New Delhi: With crippling international sanctions against Iran ending, India is looking to increase crude oil imports from the Persian Gulf nation and get oilfield contracts but faces an immediate USD 5.8 billion payout in past oil dues.
Under pressure from US and other western powers, India had relegated its second biggest oil suppliers by cutting down purchases from 21.2 million tons in 2009-10 to 11 million tons in 2013-14. Imports have been of that order in last three years.
Now with the lifting of sanctions, Indian refiners are looking at raising import volumes.
"Iran offers the best terms of oil sales. They give us 90 day credit ie payments have to be made after 90 days of purchase. This compares to a maximum of 30 day credit period by other sellers. Certainly, we will look for unrestricted imports from Iran," said a top official at a PSU refiner.
Mangalore Refinery and Petrochemicals Ltd (MRPL) and Essar Oil Ltd are the two main buyers of Iranian crude, importing some 10 million tons oil every year between them.
Indian Oil Corp (IOC) buys a small volume.
Reliance Industries was a big buyer of Iranian oil but stopped imports in 2010 as it increased export of fuel to US.
RIL in 2009 bought about 4.5-5 million tons of oil from Iran.
Iran also offers the freight advantage of being very near to west coast of India, the official said adding Hindustan Petroleum Corp Ltd (HPCL) and Bhart Petroleum Corp Ltd (BPCL), who have refineries in Mumbai, too may look at buying Iranian oil.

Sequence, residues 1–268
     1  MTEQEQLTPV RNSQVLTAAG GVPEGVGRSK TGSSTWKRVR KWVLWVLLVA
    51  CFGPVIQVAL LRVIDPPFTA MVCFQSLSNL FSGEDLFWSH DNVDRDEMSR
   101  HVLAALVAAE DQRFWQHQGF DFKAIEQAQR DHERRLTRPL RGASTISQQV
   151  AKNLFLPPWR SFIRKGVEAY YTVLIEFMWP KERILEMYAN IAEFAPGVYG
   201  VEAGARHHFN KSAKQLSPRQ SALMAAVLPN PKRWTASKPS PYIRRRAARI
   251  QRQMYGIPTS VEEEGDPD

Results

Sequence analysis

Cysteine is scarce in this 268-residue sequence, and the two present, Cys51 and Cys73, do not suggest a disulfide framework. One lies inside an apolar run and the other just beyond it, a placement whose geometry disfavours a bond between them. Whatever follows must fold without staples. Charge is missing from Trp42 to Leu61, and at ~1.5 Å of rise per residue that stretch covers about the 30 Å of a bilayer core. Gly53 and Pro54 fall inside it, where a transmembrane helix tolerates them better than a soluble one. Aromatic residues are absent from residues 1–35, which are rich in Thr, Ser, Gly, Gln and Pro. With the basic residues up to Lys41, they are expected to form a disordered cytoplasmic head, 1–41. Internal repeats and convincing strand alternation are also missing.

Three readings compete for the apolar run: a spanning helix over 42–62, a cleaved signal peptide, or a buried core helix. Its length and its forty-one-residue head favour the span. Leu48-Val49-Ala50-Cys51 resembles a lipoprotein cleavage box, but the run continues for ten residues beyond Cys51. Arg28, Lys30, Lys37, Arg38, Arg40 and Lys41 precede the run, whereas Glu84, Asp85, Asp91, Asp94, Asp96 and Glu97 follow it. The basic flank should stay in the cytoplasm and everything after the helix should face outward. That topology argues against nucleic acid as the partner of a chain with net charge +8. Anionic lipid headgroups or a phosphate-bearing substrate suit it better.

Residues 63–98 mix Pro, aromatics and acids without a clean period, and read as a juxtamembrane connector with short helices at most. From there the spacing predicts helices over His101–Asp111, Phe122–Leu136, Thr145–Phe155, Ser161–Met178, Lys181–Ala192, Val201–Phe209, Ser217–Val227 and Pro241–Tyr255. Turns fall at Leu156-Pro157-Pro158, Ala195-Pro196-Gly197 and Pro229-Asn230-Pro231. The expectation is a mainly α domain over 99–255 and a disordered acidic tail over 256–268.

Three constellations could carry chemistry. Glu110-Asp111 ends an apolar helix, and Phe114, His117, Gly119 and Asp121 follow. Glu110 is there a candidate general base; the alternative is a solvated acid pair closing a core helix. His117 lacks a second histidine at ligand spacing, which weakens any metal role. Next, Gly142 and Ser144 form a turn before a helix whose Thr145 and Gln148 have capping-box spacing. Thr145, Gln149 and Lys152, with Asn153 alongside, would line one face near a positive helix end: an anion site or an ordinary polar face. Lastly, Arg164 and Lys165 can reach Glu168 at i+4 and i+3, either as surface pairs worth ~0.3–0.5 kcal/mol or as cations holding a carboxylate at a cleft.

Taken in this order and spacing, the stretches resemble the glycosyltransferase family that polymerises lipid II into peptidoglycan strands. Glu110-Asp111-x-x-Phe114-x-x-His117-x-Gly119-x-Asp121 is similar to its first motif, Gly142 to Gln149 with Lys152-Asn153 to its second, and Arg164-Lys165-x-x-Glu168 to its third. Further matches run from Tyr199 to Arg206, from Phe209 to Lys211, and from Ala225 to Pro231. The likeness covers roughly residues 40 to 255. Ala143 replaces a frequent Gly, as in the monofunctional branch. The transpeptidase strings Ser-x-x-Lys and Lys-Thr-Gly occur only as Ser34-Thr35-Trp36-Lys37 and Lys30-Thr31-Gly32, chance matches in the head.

An oil ministry official said lifting of sanctions would also mean oil refiners will have to clear USD 5.8 billion in past dues on purchase of Iranian oil.
Since February 2013, Indian refiners like Essar Oil and MRPL have been paying 45 percent of their import bill in rupees to UCO Bank account of Iranian oil company. The remaining has been accumulating, pending finalisation of a payment mechanism.
With the lifting of sanctions, the payment channels will reopen and Iran will seek the pending USD 5.8 billion in hard US dollar or Euro, he said.
The official said the government expects that payment channels to open soon and Iran making a demand for clearing of past dues.
After the lifting of sanctions, India will also seek from Iran rights to develop ONGC-discovered Farzad-B gas field in the Persian Gulf.
Indian firms have so far shied away from investing in Iran for the fear of being sanctioned by the US and Europe. The same was deterring New Delhi from claiming rights to invest nearly USD 7 billion in the biggest gas discovery ever made by an Indian firm abroad.
But after the lifting of sanctions, India is making a renewed pitch for rights to develop 12.8 Trillion cubic feet of gas reserves ONGC Videsh Ltd had found in 2008.